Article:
Ethereum is the major blockchain when it comes to tokens, tokenization, and also DeFi projects. However, the increase in popularity comes with its costs. The more users and projects are relying on Ethereum, the scarcer the resources. Ethereum is still very limited to transactions per second. No more than about 12 transactions per second. These 12 transactions are distributed between all entities globally.
To visual that, let’s take a view of the average fee per transaction over the last five years:
You can clearly see the three spikes. The first one occurred in late 2017 with the success of ICO. Initial Coin Offerings was (and still is) the activity to issue newly created tokens on Ethereum and to sell them to the community. Ideally, this sparks the project behind the tokens to be successful. Hundreds of ICO were done in summer 2017 – per week.
The second spike was shortly after in summer 2018 with the launch of Cryptokitties. The card game was revolutionary. It allows players to create, trade, and collect cards with different kitties and every one with its own design and attributes. Every trade was reflected in Ethereum. Well, it’s kind of obvious that if several thousand players try to trade cards on an infrastructure that it is only able to manage about 12 transactions per second – globally. As the hype around Cryptokitties declined, the fees decreased as well.
The third, and current spike in late 2020, is rooted in the rise of DeFi. Decentralized Finance promises to enable people to take their finance into their hands without any middleman. Staking and lending are some of the buzzwords.
As long as Ethereum has such limitations, spikes like the past three will occur again. This might change with the upgrade to Ethereum 2.0 which aims to manage several thousand transactions per second.
However, it’s fully unclear when this upgrade will be released. We at Tangany don’t expect to see full 2.0 before 2023. This is why we, together with our partners, have identified alternatives to reduce network fees.
Omnibus Wallet Architecture
It’s common best practice to use one wallet per user. For one, this reflects the original idea of blockchain the best and secondly, there are (nearly) unlimited numbers of wallets available.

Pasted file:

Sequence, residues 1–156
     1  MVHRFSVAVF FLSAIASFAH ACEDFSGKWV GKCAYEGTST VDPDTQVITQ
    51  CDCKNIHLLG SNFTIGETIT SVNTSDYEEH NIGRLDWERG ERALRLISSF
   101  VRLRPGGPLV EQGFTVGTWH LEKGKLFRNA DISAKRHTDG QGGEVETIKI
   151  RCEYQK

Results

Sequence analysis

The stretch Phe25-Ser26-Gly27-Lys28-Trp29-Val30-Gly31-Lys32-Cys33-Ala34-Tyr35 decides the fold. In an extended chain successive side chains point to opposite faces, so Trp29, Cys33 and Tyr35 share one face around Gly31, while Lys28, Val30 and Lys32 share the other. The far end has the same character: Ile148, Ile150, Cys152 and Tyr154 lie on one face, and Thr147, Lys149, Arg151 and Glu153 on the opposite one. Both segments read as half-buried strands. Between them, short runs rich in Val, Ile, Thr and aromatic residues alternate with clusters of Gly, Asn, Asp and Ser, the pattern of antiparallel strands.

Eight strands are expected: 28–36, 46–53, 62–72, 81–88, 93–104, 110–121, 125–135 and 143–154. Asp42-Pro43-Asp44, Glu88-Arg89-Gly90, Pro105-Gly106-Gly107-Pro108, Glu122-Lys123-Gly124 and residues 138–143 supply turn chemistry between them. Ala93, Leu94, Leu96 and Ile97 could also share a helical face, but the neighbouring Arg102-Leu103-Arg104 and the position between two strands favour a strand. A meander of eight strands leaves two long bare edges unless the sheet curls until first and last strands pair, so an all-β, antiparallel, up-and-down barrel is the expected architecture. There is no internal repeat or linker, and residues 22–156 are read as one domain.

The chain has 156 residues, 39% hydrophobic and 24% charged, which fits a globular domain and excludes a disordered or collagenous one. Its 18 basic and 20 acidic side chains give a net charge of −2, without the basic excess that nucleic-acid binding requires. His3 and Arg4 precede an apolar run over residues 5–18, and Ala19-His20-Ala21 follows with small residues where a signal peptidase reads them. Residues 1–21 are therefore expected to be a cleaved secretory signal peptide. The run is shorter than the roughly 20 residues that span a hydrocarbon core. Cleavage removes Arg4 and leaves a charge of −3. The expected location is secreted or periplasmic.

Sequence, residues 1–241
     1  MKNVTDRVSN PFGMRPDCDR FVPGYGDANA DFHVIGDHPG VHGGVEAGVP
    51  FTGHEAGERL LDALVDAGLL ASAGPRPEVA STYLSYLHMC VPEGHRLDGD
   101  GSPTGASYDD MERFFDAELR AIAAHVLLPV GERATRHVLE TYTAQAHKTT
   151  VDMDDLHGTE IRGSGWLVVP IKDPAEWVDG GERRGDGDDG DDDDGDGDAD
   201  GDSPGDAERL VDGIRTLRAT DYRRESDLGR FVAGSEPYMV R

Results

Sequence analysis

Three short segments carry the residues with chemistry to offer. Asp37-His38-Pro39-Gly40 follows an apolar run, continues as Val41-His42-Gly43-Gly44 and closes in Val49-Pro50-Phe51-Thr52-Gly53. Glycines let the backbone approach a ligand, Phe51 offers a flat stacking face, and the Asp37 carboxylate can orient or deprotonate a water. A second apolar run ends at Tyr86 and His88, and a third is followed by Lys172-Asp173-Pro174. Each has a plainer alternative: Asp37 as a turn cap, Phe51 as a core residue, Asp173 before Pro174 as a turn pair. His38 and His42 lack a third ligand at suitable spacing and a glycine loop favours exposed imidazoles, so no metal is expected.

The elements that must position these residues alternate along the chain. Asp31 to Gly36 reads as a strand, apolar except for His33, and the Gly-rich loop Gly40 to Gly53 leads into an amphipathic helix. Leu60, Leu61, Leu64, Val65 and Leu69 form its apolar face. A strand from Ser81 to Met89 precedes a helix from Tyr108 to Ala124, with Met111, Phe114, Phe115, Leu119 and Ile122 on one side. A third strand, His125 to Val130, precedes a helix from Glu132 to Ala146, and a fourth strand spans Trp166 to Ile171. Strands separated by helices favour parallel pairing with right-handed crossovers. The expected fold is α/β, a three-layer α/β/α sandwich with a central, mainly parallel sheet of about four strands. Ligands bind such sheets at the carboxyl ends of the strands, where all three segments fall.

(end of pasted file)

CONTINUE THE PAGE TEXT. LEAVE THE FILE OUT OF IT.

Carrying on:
This is also the approach we and our partners see with most. Exceptions are exchanges (for the same reasons) that are using the omnibus wallet since the beginning.
An omnibus wallet architecture means that instead of using one wallet per user, to switch to a centralized form. Only one or a couple of wallets are being used for all users. With that, transactions are no longer done on-chain but off-chain. If an asset is to be allocated to another user, this record will not be on the blockchain. Therefore, zero transaction fees.
The tricky part is to have a powerful off-chain ledger in place. And with that, we don’t mean a .csv file. This ledger could be something like a private blockchain (we generally recommend Quorum for that purpose). On this private blockchain, every user will have it’s own wallet again. These wallets will mirror all the assets. It’s some kind of customized second-layer solution for Ethereum.
So, if a user wants to know his balance in the omnibus wallet, we only have to take a look at his non-disclosed private blockchain wallet. So if a transaction should be done it will only be executed on the private blockchain.
As the private blockchain comes with zero transaction fees and higher scalability, there are no restrictions. It is even possible to implement an explorer for transparency reasons if required.
That leads to reduced transaction fees of 100%. Such an architecture can also be used for other blockchains like Bitcoin, Tezos, or EOS.
From a legal point of view, this is doable within the European Union as it was validated by Tangany. This includes cryptocurrencies, stable coins, and security tokens.